Let's get innovative
Alternative Schooling in India by Neeraja Raghavan focuses on the innovative methods of learning in schools.Updated: Jan 15, 2008 13:14 IST
Alternative schooling in India is "more vibrant than it seems but less dynamic than it should be", says the co-editor of a just released book on the subject.
Mainstream education "is too focused on securing a well-paying job, scoring high marks in examinations and outdoing the rest of the class...there is too little on nurturing the latent talent in each (unique) child", Neeraja Raghavan, a Bangalore-based writer and editorial consultant, said.
She has edited Alternative Schooling in India - that focuses on the innovative methods of learning in some schools - along with Sarojini Vittachi of Bangalore-based gender advocacy group Girls Education Plus, and technical writer Kiran Raj (Sage, 2007).
Schools like the Timbaktu Collective (Anantapur), Rishi Valley (Chittoor), Sloka, the Steiner School (Hyderabad), Shreyas (Ahmedabad), Bhavya (Bangalore) and the Valley School (Bangalore) have deviated from convention to educate children.
Some schools teach kids concepts like "mind-mapping and meta-thinking" while others work to develop qualities like "compassion, humility and respect for each other".
Most believe that education happens best without the bitter competitiveness and pressures that have invaded most schools.
"In short, there is far more happening than we know of as most people concerned are quietly doing excellent work. It doesn't come out into the open. Yet, from what we see of mainstream schooling today, obviously not enough is happening to penetrate that," Raghavan said.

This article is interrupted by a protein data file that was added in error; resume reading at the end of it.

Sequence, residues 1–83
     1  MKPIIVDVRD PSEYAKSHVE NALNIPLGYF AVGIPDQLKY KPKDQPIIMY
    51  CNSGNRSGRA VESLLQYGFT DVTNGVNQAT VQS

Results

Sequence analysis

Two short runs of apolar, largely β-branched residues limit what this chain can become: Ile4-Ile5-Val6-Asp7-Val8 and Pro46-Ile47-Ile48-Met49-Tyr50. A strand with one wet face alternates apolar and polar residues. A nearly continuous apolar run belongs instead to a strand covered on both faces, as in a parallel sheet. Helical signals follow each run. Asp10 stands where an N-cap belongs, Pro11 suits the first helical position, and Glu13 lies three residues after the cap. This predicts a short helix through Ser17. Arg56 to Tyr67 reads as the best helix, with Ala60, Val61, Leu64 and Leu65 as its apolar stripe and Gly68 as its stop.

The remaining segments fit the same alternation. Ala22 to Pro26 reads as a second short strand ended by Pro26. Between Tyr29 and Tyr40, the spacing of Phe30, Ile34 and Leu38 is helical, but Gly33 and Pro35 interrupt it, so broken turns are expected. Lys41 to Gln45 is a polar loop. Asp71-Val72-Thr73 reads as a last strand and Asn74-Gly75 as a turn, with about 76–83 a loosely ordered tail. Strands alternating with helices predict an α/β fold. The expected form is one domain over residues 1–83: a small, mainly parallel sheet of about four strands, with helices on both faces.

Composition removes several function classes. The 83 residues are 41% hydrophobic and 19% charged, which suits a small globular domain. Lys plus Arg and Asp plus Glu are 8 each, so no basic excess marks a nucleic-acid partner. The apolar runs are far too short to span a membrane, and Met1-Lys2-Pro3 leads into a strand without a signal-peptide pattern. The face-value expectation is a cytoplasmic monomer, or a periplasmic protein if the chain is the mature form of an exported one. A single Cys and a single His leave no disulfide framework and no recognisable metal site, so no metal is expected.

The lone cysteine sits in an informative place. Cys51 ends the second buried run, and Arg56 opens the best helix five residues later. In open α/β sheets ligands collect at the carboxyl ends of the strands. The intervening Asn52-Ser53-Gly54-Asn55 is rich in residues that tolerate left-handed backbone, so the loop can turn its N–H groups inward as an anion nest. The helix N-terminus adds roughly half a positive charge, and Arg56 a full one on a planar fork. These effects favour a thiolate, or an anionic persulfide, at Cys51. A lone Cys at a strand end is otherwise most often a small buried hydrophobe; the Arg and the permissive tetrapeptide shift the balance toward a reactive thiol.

The three authors of the book visited schools, met educators and learnt about "more than one dedicated educator quietly bringing about change in his or her limited space".
Initially, the trio planned just a directory. But on approaching it, as educationist Krishna Kumar writes in the foreword, he proposed something more elaborate -- a project evolving into a book.
"In essence, alternative schooling (in India) is an attempt to move away from the traditionally accepted norm of what learning is, how and why we learn," Raghavan said.
Vittachi, who has worked for over two decades with Unicef and travelled across the globe, felt that one of the keys to developing the country was to educate the girl child. After superannuation, she set up the NGO for the advocacy of education of the girl child online at girlseducationplus.org.
Mainstream education often prevents the emergent self-confident individual from independently defining "his or her own life goals. And of course, it is seldom an enjoyable experience for the child, who sometimes (often?) ends up feeling drained of self-confidence", Raghavan said.
Behind this study is a "group of women who are interested in education, wish to see the children of our country (and especially the girls) enjoy school, learn well and finally rise to their fullest potential."
Raghavan said: "Often, parents who have admitted their children to an alternative school in one state and then had to relocate to another are hard put to find similar schools in their new environs. We hope such a book helps them."